It’s sad when an ancient painting or fresco becomes almost unrecognizable due to vandalism or just time. But it may be even worse when it gets fixed so badly that it goes from “ruins” to “ruined.”
That seems to be the case with a nearly 300-year-old Buddhist fresco hanging in a temple in Chaoyang, in the northeastern Chinese province of Liaoning. The original paintings had been crumbling for years, and a recent “refurbishment” gave them a serious face lift, according to this article in the Daily Telegraph.
Danielle Steel’s new book, Pure Joy: The Dogs We Love (on sale Oct. 29th), highlights her travels with dog Minnie—perfect inspiration for the next trip with your own four-legged friend. If you can plan with T+L, all the better.
Though they may not be reading, T+L does have its fair share of traveling canine fans. This shot of Daisy the Maltese was taken just before her trip out to Boothbay Harbor, Maine. According to Instagram follower @kpe319, the seaside town is this pup’s favorite vacation spot, with its number of dog-friendly inns.
That’s how Irish folk-rock star Declan O’Rourke characterizes his foray into music. How else to explain the circumstances behind the acquisition of his first guitar, gifted to him by a priest as a ten-year-old boy in Melbourne, Australia?
It’s been a faith-driven journey from there to here, another string-picker on the Dublin open-mic circuit to opener for cult-band Snow Patrol and the legendary Bob Dylan. On October 8th, O’Rourke celebrated his first U.S. release with the album “Mag Pai Zai”, which, along with records “Since Kyabram” (2004) and “Big Bad Beautiful World”(2007), has been a mainstay on the Top Ten charts across the pond. The latest ballads stay true to O’Rourke’s classic, crooning sound, yet unfurl with a newfangled sense of self-assuredness.
Yesterday may as well have been declared unofficial tablet day: Microsoft unveiled its new Surface 2 (whose main selling point is an improved kickstand for better stability on your lap), Nokia released its long-rumored tablet debut (a sleek 10-incher running Windows RT), and Apple announced a completely redesigned iPad: the iPad Air. While the other two focus on productivity, with built in Office Suite and attachable keyboards, Apple outrightly balked at its competitors for being “confused” in their attempts to merge tablet and laptop.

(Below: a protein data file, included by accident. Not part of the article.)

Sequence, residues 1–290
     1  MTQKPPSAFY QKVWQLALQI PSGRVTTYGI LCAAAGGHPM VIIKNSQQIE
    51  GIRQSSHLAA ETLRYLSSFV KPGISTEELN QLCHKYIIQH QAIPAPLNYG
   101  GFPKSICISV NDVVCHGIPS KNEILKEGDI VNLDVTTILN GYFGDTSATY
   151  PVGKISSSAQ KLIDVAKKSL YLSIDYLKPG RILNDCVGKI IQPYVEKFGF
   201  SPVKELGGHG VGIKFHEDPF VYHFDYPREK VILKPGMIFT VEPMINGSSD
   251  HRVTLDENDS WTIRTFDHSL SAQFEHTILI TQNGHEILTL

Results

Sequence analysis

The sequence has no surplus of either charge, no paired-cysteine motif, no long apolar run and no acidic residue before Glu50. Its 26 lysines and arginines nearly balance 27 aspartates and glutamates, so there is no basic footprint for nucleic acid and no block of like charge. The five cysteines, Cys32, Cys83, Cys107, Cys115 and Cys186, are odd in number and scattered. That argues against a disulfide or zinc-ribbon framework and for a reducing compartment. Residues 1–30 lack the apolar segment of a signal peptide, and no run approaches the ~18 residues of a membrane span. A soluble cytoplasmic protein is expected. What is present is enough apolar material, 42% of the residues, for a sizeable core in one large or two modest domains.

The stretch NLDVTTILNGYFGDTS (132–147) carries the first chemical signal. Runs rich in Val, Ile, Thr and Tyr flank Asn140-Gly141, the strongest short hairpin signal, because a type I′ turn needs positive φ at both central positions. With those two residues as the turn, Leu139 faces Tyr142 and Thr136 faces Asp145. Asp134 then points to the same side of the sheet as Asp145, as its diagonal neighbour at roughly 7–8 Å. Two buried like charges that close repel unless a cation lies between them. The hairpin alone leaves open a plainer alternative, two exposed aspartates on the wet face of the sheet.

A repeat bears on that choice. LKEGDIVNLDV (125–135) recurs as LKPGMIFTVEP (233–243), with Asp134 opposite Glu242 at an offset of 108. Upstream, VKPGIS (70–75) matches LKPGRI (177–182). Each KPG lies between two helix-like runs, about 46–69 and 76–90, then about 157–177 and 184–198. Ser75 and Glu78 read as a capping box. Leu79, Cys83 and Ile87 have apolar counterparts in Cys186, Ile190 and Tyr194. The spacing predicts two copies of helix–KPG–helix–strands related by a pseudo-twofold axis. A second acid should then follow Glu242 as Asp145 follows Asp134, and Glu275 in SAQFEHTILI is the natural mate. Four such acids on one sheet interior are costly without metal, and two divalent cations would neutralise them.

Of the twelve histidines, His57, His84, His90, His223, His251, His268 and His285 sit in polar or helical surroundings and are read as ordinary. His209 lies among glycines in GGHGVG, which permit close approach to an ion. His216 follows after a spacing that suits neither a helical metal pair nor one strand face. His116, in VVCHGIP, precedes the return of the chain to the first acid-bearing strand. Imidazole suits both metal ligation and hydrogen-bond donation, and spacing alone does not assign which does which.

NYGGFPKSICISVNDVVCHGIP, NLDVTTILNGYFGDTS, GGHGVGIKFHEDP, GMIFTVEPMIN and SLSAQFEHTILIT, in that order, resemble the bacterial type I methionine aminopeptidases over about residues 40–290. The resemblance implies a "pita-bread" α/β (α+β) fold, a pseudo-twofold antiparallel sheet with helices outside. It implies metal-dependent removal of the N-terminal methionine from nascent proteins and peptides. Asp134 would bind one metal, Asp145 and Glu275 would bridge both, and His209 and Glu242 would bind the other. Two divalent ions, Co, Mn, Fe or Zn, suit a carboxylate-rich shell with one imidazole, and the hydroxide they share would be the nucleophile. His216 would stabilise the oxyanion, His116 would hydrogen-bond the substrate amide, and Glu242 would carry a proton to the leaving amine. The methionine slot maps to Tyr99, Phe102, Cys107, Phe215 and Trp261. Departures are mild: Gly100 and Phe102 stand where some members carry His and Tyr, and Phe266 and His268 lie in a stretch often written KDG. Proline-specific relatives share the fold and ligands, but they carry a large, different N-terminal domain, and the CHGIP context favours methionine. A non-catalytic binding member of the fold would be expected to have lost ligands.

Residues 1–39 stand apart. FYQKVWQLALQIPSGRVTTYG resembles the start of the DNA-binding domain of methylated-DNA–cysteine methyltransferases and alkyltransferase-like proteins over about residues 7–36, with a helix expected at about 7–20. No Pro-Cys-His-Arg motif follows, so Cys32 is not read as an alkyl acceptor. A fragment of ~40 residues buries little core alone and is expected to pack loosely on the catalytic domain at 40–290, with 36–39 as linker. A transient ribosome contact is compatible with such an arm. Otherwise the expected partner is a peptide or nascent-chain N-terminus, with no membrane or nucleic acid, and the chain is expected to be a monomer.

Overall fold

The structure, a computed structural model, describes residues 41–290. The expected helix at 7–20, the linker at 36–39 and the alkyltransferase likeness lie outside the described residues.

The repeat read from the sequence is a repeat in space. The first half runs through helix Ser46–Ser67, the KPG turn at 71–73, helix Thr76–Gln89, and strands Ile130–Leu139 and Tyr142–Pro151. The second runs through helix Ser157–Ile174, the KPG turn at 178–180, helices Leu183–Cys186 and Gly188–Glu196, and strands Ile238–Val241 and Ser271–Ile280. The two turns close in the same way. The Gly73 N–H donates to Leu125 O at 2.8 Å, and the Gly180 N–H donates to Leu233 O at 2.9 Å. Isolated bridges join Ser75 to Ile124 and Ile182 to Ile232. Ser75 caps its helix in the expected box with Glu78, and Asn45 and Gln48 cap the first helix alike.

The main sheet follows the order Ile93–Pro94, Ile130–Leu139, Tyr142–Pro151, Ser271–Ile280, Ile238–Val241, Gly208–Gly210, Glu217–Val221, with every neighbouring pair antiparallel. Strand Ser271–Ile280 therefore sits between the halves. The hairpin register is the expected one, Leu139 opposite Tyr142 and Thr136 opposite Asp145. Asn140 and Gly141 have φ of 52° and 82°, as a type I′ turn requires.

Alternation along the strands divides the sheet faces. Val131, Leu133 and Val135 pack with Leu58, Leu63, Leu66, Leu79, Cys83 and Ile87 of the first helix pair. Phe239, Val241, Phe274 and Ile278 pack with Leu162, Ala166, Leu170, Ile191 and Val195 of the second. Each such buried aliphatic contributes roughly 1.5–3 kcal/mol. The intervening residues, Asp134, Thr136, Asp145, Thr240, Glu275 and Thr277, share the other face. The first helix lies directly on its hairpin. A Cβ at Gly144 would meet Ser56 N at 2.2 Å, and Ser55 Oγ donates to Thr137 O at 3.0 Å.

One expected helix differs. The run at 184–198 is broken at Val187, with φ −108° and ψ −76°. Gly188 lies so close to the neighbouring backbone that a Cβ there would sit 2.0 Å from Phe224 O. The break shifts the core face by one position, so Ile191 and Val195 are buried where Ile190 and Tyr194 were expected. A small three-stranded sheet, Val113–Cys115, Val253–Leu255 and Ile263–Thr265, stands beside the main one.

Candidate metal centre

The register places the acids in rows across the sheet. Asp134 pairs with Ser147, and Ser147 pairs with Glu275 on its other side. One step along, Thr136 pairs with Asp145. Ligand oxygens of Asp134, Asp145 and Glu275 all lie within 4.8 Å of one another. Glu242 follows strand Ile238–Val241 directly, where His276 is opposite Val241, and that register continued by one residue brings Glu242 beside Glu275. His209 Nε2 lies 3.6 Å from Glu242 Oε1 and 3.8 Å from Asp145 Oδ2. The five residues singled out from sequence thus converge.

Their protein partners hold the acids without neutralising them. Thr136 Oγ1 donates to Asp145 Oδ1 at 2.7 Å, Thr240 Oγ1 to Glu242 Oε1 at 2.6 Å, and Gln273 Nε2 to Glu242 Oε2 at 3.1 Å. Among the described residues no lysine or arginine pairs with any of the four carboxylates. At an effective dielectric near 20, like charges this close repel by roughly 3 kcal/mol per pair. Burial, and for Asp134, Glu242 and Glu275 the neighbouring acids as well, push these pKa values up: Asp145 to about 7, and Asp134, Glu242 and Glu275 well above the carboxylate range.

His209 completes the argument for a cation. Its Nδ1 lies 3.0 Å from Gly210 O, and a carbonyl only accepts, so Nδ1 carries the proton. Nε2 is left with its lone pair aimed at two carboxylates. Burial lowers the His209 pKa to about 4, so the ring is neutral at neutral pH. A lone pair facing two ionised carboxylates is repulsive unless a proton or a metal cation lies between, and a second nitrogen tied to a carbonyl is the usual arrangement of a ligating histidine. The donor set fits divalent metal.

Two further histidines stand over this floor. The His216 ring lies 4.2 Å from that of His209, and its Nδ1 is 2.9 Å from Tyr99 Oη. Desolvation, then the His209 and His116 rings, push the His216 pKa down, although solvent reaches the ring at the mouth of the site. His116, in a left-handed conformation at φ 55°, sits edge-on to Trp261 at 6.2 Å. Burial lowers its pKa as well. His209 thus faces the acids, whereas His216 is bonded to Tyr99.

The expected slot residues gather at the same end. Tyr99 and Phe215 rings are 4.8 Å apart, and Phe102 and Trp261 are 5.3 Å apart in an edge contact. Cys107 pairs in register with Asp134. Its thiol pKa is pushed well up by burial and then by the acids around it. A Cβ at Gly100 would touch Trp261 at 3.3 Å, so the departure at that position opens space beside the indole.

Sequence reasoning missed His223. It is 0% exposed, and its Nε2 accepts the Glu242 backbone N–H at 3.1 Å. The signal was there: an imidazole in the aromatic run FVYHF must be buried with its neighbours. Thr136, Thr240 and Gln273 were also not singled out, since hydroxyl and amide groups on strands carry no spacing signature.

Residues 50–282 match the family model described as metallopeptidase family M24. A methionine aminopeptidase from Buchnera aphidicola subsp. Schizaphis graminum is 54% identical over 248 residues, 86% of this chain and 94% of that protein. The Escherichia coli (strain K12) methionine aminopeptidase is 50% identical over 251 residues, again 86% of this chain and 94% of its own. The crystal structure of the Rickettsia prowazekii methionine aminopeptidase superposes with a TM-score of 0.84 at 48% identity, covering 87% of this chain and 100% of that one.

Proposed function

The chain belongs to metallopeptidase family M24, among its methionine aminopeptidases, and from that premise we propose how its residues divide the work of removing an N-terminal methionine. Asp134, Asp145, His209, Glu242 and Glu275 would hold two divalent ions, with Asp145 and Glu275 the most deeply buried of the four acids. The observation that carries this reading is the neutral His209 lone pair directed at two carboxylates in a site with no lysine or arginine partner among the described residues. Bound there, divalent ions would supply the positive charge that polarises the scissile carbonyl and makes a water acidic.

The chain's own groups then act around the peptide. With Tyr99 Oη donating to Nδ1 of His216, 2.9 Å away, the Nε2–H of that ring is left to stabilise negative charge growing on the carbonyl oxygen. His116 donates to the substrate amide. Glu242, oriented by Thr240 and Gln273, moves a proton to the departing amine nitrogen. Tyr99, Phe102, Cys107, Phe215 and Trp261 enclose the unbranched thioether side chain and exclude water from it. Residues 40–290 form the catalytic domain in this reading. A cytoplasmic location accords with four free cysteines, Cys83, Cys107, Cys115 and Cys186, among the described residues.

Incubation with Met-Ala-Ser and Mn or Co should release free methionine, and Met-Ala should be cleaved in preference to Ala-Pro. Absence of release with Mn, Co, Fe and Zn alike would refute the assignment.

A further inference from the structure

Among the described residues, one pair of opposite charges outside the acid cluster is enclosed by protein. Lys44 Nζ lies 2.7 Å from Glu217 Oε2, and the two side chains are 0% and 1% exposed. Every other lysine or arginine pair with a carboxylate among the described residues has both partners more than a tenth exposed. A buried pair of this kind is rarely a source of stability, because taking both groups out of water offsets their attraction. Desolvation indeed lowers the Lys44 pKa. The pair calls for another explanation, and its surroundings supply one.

If you’re on the hunt for a thought-provoking dip into the Surreal, you can’t miss Magritte: The Mystery of the Ordinary exhibit at the MoMA (running through January 12, 2014). Curated by Anne Umland, the exhibit covers what the famed Belgian painter described as the most defining period of his career from 1926-1938.
The exhibit features many of his most acclaimed works including “Le Trahison Des Images” (pictured) wherein he notoriously paired his painting of a pipe with the beautifully scripted words “Ceci n’est pas une pipe” (“This is not a pipe”). After you absorb the whimsically provocative contradictions in his narrated paintings, check out “Les Amants” to peek at his popular portrait of two lovers kissing.
ShopLatitude.com has a new attitude. Starting November 1st, the armchair traveler’s favorite shopping e-tailer will sell its own collection of fashion and accessories made for global nomads. The first dispatch is Mexico where they draw inspiration from Frida Kahlo’s iconic style with embroidered caftans, tunics and blouses. These easy-breezy pieces are really all you need for a kick-back boho walk on the beaches of Tulum or any white sand, turquoise watered paradise. (From $120 to $250).
Mimi Lombardo is Travel + Leisure’s style director. Packing is rarely easy—we’re here to help. Send your questions to email@example.com.
Friendly Planet Travel in partnership with Tourism Malaysia and the Tourism Authority of Thailand are giving away an 11-day tour for two to Borneo and Bangkok when you enter to win on Facebook.
The tour introduces travelers to the lush beauty, landscapes, and diversity of Thailand and Malaysia.
“Thailand is a beautiful country that’s flush with exotic wildlife, spectacular islands, and fascinating history—it’s one of the most visited destinations we offer,” says President of Friendly Planet Travel, Peggy Goldman.
As of today, American Express is letting cardholders use their rewards to pay for NYC cab fares in real time, at the end of their ride. Not only does it open the door to use smaller point balances efficiently—it’s the first time that cardholders (with any kind of plastic) can pay with rewards currency at the point of purchase. Amex loyalists who opt to pay for a NYC cab ride with credit card will automatically see their points balance upon swiping—they’ll then be given the choice to pay with, say, 2107 points for a $21.07 taxi fare. Not in NYC? Fret not: we’re inclined to believe that instant points payment might become the name of the game as banks re-examine the often-frustrating process of cashing out rewards.